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Archive for Saturday, August 12, 2006

Reporter moving to broadcast booth

New sportscasters replace KU legend Max Falkenstien

August 12, 2006

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David Lawrence is the new "Voice of the Jayhawks," along with play-by-play announcer Bob Davis, for Kansas University's football season. He has been a sideline reporter since 1994 and also worked with the Jayhawk Radio Network and Sunflower Broadband.

David Lawrence is the new "Voice of the Jayhawks," along with play-by-play announcer Bob Davis, for Kansas University's football season. He has been a sideline reporter since 1994 and also worked with the Jayhawk Radio Network and Sunflower Broadband.

David Lawrence swears his daily routine won't change.

He'll still watch game tape of Kansas University football games. He'll still hang out at practices, chatting with coaches and players.

"The vantage point is the only thing that's going to change," Lawrence said.

Instead of reporting from the sidelines, he's moving to the broadcast booth, a seat he inherits from a KU legend, Max Falkenstien.

Falkenstien retired from broadcasting after the basketball season. Earlier this summer the KU Athletics Department and ESPN announced that Lawrence would become the "Voice of the Jayhawks," along with play-by-play announcer Bob Davis, during football games this fall.

Lawrence has earned the spot, working as a sideline reporter since 1994. He also worked with the Jayhawk Radio Network and Sunflower Broadband after his playing days on the KU offensive line ended in 1981.

But when talking about his new, high-profile duties during KU football games, his voice lowered, his words modest.

In his mind, he said, he's just a hacker, a former player who just wound up broadcasting by happenstance.

He thought he was going to coach after spending time on the sidelines as a graduate assistance.

"The broadcast thing was the next best thing," he said.

Lawrence said he's a football player at heart, and broadcasting was just his way to stay close to the game.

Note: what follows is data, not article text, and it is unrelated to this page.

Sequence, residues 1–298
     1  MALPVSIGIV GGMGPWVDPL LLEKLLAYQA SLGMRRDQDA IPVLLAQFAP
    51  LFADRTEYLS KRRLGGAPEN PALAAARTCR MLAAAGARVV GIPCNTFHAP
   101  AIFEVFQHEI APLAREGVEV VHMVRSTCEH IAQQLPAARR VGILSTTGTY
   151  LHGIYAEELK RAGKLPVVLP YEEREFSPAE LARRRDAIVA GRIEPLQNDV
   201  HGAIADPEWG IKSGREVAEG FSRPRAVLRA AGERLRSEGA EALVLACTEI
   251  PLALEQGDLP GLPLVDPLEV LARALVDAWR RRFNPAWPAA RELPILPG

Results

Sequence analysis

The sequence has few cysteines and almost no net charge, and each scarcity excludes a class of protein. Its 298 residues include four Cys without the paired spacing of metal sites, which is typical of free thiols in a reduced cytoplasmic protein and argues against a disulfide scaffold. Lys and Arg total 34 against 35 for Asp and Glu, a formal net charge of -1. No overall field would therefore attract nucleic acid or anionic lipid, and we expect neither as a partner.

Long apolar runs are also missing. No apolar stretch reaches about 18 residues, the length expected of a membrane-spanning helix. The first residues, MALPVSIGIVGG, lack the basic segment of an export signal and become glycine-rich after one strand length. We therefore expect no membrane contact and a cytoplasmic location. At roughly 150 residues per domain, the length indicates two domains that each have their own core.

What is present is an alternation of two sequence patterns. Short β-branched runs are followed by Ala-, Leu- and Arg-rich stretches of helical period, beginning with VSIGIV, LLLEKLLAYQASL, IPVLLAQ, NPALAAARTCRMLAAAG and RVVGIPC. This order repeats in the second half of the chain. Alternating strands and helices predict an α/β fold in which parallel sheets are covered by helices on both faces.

That's why he loved sideline reporting so much, he said. Heck, he still does. It's the rush, he said. The feeling of being right there, mulling with players.

But here, on his couch inside his West Lawrence home, the sights and sounds came rushing back.

Fresh cut grass. The cadence of quarterbacks. The ringing clack of helmets hitting shoulder pads.

"It takes you right back, you know," he said. "You're right there."

Now, he said he knows the broadcast booth won't be the same. But in many ways, he said, it will be better.

Oftentimes during broadcasts while he was patrolling the sidelines, Davis would ask Lawrence for his opinion on a play on the field.

Sometimes Lawrence saw the play. But from his limited vantage point, sometimes he didn't. Now, Lawrence said, he'll catch every play, watch them develop, see everything.

"You're right there, in charge of the game," he explained.

Now, he said he's ready to step into the booth, to take over the reigns for Falkenstien and begin the process of creating a chemistry with Davis.

But he knows he'll never replace what they had, an on-air relationship that he called one of the best in college sports.

"We'll miss that side with Max," he said.

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